Changes in sea ice thickness and extent also have direct consequences for the ecosystem of the Arctic Ocean. The reason is that the marginal ice zone is sort of like a “Garden of the Arctic Ocean”. Due to the melting of sea ice, algae are released from the ice into the sea. In addition, the freshwater in the ice mixes with the seawater. Since the former has a lower density than seawater, a stable stratification of the surface water occurs. As a result, the algae remain in the topmost, light-flooded water layer and start to grow. So-called algal bloom results. These algae, in turn, form the beginning of the Arctic food webs. Currently it is scientifically controversial, however, whether the Arctic Ocean will become “more productive” because of the decline in ice and the related increase in light.
Scientists like Dr. Ilka Peeken therefore investigated the biology of the algae not only in the sea ice, but also in the melt ponds and in the water column under the ice. The initial results point to regional differences: in the Atlantic part of the central Arctic the algae biomass and carbon intake, both in the ice and in the melt ponds and water column, were significantly higher than in the Pacific section.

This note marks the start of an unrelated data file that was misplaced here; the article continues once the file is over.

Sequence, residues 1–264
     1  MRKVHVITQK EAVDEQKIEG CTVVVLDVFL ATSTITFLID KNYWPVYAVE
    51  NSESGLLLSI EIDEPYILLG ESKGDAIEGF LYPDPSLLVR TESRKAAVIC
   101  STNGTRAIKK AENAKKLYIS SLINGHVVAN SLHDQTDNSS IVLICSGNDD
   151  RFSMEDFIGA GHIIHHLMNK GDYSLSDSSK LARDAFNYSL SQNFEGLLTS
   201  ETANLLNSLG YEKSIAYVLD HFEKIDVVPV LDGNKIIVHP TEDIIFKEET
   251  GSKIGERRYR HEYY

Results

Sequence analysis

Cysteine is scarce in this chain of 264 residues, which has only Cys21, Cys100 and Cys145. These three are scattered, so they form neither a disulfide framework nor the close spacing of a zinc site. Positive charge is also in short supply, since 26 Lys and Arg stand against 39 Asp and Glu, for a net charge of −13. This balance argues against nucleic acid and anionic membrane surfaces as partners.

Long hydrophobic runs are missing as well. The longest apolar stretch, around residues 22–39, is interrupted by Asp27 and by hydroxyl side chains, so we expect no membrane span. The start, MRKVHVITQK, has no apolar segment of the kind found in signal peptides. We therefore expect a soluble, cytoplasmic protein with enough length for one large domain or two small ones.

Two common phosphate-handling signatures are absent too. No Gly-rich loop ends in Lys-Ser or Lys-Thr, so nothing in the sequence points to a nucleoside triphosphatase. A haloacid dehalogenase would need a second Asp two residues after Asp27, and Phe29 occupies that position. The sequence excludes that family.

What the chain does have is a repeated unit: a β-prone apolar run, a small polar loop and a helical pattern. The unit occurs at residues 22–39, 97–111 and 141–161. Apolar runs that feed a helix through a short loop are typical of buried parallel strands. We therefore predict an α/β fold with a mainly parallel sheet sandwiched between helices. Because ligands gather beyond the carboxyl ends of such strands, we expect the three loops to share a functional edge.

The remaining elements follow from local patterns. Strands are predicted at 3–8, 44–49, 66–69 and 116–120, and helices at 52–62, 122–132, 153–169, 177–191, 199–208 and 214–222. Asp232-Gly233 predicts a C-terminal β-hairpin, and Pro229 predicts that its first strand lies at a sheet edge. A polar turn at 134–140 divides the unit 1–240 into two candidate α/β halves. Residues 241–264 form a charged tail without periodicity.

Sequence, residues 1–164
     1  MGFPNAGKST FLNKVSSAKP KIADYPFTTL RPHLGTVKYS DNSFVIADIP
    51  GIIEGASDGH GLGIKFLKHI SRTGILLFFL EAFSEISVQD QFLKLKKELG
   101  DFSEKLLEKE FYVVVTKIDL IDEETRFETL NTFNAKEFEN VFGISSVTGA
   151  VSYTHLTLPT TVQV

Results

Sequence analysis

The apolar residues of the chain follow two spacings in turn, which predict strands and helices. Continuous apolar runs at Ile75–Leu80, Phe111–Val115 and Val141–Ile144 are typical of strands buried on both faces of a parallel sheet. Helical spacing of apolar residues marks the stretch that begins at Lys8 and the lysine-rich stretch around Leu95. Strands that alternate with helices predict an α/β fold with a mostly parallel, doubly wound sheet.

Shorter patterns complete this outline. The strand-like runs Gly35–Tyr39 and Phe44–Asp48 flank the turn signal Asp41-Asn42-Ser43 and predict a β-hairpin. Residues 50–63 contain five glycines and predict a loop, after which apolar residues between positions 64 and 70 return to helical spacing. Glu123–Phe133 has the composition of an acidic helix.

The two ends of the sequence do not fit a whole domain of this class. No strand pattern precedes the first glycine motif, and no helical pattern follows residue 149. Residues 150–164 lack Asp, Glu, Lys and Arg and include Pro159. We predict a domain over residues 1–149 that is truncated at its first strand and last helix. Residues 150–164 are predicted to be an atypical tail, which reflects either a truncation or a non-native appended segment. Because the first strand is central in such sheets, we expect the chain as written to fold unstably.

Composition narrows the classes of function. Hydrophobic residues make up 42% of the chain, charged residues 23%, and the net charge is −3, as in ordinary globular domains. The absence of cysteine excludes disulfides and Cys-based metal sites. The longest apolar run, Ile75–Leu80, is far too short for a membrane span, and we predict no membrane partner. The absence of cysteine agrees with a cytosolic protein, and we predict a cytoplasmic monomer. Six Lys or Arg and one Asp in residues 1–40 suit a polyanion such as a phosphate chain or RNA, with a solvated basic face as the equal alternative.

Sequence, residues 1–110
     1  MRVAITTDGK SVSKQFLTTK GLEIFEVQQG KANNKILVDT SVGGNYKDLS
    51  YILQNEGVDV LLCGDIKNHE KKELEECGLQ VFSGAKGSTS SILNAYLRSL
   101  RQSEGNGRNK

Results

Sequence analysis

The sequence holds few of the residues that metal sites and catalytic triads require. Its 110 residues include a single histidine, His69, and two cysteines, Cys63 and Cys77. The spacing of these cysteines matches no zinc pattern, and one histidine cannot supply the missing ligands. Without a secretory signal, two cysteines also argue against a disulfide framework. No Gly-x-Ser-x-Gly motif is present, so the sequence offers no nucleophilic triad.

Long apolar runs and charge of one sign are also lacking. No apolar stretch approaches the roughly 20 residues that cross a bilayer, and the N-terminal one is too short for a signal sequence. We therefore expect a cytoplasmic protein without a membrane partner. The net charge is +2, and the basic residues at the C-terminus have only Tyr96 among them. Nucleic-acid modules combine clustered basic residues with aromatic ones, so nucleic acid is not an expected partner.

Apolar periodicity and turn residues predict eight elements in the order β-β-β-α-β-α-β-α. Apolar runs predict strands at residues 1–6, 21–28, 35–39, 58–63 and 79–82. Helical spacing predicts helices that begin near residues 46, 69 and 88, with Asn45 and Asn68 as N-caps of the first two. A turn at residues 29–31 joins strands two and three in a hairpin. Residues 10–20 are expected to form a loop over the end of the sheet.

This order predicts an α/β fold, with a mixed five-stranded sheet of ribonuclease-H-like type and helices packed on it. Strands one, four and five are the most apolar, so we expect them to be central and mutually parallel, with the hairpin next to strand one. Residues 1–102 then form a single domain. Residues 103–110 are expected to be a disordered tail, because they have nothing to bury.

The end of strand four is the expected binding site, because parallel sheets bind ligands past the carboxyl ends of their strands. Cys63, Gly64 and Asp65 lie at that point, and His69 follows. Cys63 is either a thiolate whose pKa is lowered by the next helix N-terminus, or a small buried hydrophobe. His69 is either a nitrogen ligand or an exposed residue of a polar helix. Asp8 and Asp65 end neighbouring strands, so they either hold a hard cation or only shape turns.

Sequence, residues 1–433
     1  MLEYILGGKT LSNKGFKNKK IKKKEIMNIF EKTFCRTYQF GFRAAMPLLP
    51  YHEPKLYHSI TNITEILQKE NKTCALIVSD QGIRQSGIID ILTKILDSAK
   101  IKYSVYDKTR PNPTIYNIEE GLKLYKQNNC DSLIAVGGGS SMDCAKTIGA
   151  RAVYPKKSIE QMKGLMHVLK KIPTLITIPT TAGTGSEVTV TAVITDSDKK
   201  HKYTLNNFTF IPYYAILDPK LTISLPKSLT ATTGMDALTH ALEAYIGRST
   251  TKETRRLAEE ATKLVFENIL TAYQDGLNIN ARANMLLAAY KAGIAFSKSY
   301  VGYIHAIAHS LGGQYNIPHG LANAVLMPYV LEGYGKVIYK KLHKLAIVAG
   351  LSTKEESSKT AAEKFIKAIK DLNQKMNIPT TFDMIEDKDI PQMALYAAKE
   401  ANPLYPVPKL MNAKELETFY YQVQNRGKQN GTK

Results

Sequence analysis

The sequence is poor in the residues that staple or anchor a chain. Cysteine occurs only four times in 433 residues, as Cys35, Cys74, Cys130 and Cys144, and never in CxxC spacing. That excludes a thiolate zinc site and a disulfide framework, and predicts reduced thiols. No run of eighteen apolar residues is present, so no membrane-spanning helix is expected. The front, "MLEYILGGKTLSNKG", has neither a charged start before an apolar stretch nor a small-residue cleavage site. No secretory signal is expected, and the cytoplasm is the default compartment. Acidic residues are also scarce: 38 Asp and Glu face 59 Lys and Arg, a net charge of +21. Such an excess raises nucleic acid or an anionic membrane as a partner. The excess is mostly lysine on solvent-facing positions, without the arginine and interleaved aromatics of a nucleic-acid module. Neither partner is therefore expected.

This applies similarly to the climate-relevant trace gas methane, which may form during algal bloom. Measurements by the biogeochemists headed by Dr. Ellen Damm showed that the formation and release of the greenhouse gas are influenced by which region of the Arctic Ocean is seasonally ice-free. In addition, the researchers succeeded for the first time in verifying how much methane is oxidised to carbon dioxide in the ice.
The scientists now want to compare these and many other snapshots of the situation in summer 2011 with their results from 2007 as well as with data from the two Arctic long-term observatories of the Alfred Wegener Institute in the Fram Strait. The so-called “mooring” and the deep-sea observatory HAUSGARTEN were the destinations of the first two expedition legs. Their various measuring devices have to be replaced at regular intervals, the data must be read out on board the Polarstern and the sensors have to be recalibrated. Only in this way is it possible to record environmental changes in detail.
The Polarstern is currently at the Lloyd shipyard for routine maintenance work and is expected to set off on the next expedition to the Antarctic on 28 October 2011.
The Alfred Wegener Institute conducts research in the Arctic, Antarctic and oceans of the high and middle latitudes. It coordinates polar research in Germany and provides major infrastructure to the international scientific community, such as the research icebreaker Polarstern and stations in the Arctic and Antarctica. The Alfred Wegener Institute is one of the seventeen research centres of the Helmholtz Association, the largest scientific organisation in Germany.